Quote of the month:

In order to change we must be sick and tired of being sick and tired. ~Author Unknown

Last month we spoke about inflammation. This month, we’re going to talk about stage 5 – Ulceration. According to the National Cancer Institute, an ulcer is the:

“formation of a break on the skin or on the surface of an organ. An ulcer forms when the surface cells die and are cast off. Ulcers may be associated with cancer and other diseases.”

So basically, in this stage, some of your tissues and cells are now being or have been destroyed. Common areas affected may include your skin, nose and digestive tract. Ulceration can be one of the ways in which the body still tries to get rid of excess toxins (note that if you address this toxicity, the ulceration will heal). For example, an ulcer on your skin may ooze (not so pleasant), but it is a way in which the body tries to literally create another exit point in order to excrete excess toxic buildup. This stage can be very painful and when medication doesn’t help enough, you may end up with surgery to removed the damaged area(s) or section(s) – again it may stop the pain, but you won’t address the cause(s) this way – you need to find the triggers.

Here are some basic examples of ulceration:

1.Stomach or peptic ulcer
3.Cold sores
4.Ulcerative colitis

Now here’s 5 basic tips on what you can do to protect against ulceration:

1.Unplug the drain. By this we mean start getting the toxins out by getting your colon moving properly 2-3 times daily!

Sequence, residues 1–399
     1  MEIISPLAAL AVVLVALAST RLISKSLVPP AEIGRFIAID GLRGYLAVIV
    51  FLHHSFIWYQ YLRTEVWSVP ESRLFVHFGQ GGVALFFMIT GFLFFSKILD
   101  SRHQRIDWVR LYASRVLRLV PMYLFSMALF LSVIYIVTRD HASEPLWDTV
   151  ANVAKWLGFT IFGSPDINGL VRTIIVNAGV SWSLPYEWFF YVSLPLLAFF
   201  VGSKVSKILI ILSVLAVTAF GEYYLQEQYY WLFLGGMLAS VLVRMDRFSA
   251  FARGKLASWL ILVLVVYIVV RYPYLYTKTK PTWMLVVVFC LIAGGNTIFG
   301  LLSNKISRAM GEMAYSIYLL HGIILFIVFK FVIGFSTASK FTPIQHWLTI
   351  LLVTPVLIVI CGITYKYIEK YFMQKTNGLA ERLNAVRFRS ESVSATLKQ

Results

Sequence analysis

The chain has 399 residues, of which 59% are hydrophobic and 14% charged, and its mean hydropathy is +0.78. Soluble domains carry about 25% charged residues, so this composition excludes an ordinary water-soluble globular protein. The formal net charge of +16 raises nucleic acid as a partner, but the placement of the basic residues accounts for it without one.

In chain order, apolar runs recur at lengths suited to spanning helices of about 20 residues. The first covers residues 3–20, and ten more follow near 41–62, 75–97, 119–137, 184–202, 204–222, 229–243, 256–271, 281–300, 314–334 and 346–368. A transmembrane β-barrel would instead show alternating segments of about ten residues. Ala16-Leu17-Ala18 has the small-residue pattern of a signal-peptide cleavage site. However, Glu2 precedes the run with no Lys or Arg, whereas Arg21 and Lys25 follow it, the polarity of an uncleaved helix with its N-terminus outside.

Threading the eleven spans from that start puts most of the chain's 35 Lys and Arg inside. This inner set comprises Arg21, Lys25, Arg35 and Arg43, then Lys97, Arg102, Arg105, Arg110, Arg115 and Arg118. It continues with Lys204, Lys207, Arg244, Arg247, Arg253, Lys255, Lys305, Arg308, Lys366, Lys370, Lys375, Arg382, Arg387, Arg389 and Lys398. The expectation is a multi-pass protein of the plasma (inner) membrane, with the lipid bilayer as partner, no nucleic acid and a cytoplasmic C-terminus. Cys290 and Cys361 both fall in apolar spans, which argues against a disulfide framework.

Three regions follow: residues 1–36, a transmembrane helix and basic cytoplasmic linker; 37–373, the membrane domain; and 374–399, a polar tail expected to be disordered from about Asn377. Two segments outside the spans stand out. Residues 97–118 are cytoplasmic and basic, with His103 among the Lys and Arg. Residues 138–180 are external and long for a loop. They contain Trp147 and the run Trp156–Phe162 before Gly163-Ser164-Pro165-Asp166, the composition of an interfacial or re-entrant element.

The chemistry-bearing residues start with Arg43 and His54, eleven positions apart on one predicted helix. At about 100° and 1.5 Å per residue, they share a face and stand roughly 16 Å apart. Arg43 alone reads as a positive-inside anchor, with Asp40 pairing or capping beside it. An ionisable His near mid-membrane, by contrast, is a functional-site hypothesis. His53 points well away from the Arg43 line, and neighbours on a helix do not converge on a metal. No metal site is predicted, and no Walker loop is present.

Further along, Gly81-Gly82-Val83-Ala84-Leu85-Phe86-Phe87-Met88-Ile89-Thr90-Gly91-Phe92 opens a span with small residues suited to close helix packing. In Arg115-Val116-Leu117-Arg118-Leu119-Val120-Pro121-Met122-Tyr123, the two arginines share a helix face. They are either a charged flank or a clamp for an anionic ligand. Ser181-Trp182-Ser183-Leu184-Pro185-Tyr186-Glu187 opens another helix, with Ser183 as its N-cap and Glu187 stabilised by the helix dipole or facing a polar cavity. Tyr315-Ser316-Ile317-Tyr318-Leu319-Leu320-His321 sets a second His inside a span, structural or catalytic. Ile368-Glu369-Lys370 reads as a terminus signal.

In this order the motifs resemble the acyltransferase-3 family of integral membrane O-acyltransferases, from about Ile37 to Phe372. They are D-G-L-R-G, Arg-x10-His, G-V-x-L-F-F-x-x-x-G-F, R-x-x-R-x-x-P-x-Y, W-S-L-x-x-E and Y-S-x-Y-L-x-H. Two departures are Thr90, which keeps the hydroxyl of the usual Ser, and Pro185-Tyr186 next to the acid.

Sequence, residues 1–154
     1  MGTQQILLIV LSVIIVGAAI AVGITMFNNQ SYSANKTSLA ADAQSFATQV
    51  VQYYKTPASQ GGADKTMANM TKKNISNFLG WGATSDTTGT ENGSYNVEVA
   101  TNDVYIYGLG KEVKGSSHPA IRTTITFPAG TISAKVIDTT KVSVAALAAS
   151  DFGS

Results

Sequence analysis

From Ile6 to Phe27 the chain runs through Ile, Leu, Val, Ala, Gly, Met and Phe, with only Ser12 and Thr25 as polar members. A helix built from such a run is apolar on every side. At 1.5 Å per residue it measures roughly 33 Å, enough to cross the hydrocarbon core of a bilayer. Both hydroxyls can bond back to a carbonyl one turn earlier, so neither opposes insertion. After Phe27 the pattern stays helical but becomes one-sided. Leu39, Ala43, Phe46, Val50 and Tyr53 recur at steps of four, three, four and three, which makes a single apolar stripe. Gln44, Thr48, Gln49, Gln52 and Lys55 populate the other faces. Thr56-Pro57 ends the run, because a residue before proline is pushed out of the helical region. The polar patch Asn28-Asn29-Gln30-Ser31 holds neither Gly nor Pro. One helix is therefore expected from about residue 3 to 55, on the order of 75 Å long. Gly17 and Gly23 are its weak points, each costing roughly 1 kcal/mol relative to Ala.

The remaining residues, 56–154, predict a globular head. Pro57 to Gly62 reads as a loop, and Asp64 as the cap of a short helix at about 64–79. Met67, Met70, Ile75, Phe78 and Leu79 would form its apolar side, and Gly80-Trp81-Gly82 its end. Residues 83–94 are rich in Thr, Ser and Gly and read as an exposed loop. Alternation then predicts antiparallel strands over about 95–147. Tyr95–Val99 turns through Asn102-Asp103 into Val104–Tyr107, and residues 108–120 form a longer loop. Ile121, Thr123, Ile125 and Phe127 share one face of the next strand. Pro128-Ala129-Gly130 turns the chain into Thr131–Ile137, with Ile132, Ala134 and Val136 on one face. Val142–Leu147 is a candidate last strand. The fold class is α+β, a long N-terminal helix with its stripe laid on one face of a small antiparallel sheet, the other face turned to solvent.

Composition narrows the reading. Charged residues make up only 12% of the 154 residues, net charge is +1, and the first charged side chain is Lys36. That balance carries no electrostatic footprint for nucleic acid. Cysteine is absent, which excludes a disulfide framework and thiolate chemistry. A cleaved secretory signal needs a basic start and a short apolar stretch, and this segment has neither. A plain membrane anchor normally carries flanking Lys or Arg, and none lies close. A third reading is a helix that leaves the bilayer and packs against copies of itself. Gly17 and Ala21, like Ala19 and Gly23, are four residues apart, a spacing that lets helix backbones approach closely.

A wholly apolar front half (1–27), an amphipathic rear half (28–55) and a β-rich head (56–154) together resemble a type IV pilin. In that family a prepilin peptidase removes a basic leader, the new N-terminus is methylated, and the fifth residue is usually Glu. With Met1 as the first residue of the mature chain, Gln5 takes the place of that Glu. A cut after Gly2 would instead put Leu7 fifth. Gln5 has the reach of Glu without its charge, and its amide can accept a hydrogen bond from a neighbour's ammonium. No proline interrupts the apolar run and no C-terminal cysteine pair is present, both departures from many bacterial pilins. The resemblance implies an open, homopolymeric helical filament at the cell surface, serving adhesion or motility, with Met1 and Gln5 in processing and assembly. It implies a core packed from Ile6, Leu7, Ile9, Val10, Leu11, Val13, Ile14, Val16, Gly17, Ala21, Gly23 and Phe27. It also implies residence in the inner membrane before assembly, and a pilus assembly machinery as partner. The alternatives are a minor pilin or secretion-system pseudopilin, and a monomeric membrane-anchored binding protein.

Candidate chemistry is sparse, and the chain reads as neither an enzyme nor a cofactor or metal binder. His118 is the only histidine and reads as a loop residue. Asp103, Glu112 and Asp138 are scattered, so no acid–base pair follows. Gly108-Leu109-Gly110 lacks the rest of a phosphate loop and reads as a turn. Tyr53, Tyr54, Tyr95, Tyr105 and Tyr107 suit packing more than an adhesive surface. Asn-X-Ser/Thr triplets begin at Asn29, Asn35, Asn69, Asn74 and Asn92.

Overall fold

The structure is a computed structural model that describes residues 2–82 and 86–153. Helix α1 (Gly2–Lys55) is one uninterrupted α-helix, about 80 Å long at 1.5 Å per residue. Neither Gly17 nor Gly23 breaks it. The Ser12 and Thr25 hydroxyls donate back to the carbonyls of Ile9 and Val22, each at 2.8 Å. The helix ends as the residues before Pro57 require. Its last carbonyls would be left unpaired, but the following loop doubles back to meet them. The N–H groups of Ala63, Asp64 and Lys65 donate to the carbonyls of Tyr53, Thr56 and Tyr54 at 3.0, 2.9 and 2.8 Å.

2.Take out the garbage. Support your organs and tissues with activating, building and cleansing herbs in order to remove the toxins buried deep in your cells!
3.Take in the good. It’s pointless taking out the garbage if you keep putting it in. Remember you are literally what you eat, drink absorb and inhale.
4.Avoid the top 4 – wheat, dairy, corn (all forms- sugar, syrup), soy
5.Take in more vegetables and greens in whatever form you can handle – whole, powdered, capsule or in smoothies – ask us for a few good recommendations.

Besides those just mentioned, you also need to do these 5 things (these are very helpful for the upcoming flu and cold season, too):

1.Stay away from all sugars(especially the sugar free variety) – just 1 teaspoon shuts off your immune system for up to 6 hours
2.Get your Vitamin D3 – 1000 IU may not be enough for you; we have a great sublingual or spray you can use.
3.Rest..by this we mean sleep before 11pm!
4.Address your stress – ask us how we can help with that
5.Take lots of real garlic, Vitamin C (the real kind), probiotics (not the stuff in yogurt), and oregano oil – very powerful anti virals, anti bacterial anti everything. We have an undiluted oregano oil for you to try. Just not a good idea to take oregano oil when you’re pregnant.

Did You Know…

•If you drink skim milk, you won’t absorb Vitamins A, D, E and K – why…because they are fat soluble – they need to be consumed with fat in order to be absorbed.
•The synthetic, manufactured form of Vitamin D in the milk you purchase is D2 and is a waste of your time.
•About 50% of ear infections in children disappear if they stop consuming dairy.

Category : Uncategorized | Blog